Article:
Ada Limón


Ada Limón is the author of five poetry collections, including The Carrying, which won the National Book Critics Circle Award for Poetry. Her fourth book Bright Dead Things was named a finalist for the National Book Award, a finalist for the Kingsley Tufts Poetry Award, and a finalist for the National Book Critics Circle Award. A recipient of a Guggenheim Fellowship for Poetry,  she serves on the faculty of Queens University of Charlotte Low Residency M.F.A program and lives in Lexington, Kentucky. Source

Calling Things What They Are

I pass the feeder and yell, Grackle party! And then an hour later I yell, Mourning

dove afterparty! (I call the feeder the party and the seed on the ground the

afterparty.) I am getting so good at watching that I’ve even dug out the binoculars

an old poet gave me back when I was young and heading to the Cape with so

much future ahead of me it was like my own ocean. Tufted titmouse! I yell, and

Lucas laughs and says, Thought so. But he is humoring me, he didn’t think so at

all. My father does this same thing. Shouts out at the feeder announcing the party

attendees. He throws out a whole peanut or two to the Steller’s jay who visits on

a low oak branch in the morning. To think there was a time I thought birds were

kind of boring. Brown bird. Gray bird. Black bird. Blah blah blah bird. Then, I

started to learn their names by the ocean and the person I was dating said, That’s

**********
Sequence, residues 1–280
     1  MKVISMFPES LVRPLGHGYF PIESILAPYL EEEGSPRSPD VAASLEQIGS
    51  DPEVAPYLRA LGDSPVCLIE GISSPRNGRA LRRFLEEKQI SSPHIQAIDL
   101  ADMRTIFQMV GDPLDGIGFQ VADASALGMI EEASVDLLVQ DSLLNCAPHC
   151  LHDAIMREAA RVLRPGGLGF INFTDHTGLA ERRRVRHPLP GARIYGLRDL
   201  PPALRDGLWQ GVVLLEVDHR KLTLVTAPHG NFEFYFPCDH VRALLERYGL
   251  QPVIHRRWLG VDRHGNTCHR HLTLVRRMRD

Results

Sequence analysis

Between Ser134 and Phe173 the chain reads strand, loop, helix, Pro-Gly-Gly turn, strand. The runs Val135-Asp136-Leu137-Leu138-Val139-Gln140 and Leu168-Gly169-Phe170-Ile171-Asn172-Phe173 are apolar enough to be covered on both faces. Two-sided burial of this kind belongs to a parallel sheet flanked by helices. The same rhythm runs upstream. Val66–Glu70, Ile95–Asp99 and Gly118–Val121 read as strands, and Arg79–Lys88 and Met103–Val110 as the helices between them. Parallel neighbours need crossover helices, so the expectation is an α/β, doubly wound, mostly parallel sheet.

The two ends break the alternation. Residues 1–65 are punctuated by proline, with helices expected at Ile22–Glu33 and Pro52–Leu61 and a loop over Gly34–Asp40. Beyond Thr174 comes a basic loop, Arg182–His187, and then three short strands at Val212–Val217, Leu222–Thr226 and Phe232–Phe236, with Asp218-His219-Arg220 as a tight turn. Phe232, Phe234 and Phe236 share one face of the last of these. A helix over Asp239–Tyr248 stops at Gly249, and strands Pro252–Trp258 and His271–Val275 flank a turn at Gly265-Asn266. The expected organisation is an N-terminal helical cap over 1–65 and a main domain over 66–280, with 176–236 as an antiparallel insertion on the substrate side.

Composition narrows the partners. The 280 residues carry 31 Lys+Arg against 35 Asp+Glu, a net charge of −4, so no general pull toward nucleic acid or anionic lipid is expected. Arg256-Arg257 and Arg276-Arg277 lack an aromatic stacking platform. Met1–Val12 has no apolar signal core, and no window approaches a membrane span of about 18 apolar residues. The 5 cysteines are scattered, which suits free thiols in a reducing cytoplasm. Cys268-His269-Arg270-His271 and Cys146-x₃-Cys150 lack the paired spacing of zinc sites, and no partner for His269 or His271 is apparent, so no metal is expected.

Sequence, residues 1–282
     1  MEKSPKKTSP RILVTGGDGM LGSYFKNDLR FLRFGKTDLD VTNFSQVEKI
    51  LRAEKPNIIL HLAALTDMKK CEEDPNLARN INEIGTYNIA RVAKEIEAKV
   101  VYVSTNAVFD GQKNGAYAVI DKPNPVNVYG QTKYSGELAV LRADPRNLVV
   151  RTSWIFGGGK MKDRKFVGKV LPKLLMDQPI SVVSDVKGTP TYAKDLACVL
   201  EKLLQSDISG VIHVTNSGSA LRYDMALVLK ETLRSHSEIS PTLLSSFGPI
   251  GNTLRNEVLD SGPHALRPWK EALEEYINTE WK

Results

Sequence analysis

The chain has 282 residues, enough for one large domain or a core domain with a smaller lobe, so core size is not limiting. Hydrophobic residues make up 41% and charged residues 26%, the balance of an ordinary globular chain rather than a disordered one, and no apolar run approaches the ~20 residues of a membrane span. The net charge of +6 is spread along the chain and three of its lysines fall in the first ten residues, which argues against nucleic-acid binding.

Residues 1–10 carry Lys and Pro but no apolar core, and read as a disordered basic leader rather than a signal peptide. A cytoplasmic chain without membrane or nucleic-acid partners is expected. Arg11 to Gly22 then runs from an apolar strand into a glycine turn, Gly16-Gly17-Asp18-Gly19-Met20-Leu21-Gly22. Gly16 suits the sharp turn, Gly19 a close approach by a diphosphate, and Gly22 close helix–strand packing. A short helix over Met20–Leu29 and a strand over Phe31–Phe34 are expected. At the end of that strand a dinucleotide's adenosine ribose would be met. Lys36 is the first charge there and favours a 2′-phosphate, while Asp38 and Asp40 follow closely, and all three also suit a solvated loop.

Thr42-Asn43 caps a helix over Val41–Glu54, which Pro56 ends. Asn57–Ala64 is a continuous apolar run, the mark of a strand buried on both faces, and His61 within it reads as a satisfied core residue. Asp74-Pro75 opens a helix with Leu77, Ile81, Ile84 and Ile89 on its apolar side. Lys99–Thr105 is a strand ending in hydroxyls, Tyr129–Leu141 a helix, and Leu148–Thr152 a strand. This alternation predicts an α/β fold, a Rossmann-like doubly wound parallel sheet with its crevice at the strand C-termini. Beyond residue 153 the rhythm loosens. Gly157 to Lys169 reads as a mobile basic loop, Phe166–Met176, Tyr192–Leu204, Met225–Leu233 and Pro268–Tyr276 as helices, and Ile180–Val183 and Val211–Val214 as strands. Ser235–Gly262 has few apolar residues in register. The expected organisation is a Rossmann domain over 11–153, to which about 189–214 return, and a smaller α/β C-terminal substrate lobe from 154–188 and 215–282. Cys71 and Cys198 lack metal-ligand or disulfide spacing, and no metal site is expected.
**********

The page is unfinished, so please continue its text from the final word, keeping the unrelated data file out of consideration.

the problem with you, Limón, you’re all fauna and no flora. And I began to learn

the names of trees. I like to call things as they are. Before, the only thing I was

interested in was love, how it grips you, how it terrifies you, how it annihilates and

resuscitates you. I didn’t know then that it wasn’t even love that I was interested

in, but my own suffering. I thought suffering kept things interesting. How funny

that I called it love and the whole time it was pain.





Literary Movements:


Anthology Years:



Love & Relationships


Literary Devices:


a figure of speech in which words repeat at the beginning of successive clauses, phrases, or sentences


conversation between two or more people as a feature of a book, play, or movie


the repetition of a word or phrase at the end of successive clauses


written or spoken language in its ordinary form, without metrical structure

Extended Metaphor

a metaphor that extends through several lines or even an entire poem


a situation that seems to contradict itself


a comparison between two unlike things using the words “like” or “as”